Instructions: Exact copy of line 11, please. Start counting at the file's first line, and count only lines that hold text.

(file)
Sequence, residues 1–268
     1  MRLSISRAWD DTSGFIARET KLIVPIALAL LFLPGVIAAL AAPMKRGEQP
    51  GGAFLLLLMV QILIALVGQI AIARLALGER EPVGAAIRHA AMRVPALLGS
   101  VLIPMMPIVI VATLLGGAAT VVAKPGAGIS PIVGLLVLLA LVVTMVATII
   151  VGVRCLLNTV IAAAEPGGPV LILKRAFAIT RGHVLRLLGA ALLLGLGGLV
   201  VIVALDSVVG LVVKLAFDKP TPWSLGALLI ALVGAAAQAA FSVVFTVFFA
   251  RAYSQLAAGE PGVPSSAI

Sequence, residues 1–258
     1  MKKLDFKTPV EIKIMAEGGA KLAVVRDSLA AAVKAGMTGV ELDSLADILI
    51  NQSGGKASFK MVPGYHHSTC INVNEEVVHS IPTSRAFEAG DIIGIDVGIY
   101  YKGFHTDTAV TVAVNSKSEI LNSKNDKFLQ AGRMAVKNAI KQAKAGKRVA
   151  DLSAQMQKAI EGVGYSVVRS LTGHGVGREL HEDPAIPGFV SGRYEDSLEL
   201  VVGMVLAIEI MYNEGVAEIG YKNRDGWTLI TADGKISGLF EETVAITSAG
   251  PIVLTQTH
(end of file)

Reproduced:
   101  YKGFHTDTAV TVAVNSKSEI LNSKNDKFLQ AGRMAVKNAI KQAKAGKRVA